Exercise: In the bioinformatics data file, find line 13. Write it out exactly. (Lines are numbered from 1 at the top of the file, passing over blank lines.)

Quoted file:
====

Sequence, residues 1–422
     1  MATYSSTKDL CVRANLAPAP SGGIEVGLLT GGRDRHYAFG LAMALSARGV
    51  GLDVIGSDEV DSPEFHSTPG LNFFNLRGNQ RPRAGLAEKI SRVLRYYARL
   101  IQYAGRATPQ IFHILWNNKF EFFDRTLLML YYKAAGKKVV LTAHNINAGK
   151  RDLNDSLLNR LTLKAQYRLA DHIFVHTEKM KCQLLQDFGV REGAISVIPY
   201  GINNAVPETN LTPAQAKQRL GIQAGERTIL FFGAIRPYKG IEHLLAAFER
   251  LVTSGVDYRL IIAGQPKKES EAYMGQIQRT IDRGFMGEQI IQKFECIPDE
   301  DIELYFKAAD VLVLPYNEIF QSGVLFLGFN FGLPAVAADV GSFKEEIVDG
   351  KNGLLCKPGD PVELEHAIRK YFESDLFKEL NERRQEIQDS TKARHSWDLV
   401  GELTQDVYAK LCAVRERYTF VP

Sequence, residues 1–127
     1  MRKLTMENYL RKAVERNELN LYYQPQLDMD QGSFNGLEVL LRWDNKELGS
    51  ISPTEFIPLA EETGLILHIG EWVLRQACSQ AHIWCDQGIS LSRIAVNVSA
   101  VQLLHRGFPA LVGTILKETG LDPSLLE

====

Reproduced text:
    51  ISPTEFIPLA EETGLILHIG EWVLRQACSQ AHIWCDQGIS LSRIAVNVSA